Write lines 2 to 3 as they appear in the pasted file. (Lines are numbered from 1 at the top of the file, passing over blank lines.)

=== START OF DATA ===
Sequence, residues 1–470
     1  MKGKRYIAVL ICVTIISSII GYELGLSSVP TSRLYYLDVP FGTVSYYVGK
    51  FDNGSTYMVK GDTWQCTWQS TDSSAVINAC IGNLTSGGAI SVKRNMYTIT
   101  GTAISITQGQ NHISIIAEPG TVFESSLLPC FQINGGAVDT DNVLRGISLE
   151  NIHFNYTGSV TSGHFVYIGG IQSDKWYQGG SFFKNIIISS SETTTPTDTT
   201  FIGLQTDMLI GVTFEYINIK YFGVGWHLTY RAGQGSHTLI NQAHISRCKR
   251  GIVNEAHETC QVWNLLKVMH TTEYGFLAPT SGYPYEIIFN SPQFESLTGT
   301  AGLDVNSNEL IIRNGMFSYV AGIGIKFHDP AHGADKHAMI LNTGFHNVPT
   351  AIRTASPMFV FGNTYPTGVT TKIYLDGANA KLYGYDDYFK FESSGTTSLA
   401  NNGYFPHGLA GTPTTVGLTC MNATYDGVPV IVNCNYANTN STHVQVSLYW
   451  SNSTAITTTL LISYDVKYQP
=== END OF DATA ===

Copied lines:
     1  MKGKRYIAVL ICVTIISSII GYELGLSSVP TSRLYYLDVP FGTVSYYVGK
    51  FDNGSTYMVK GDTWQCTWQS TDSSAVINAC IGNLTSGGAI SVKRNMYTIT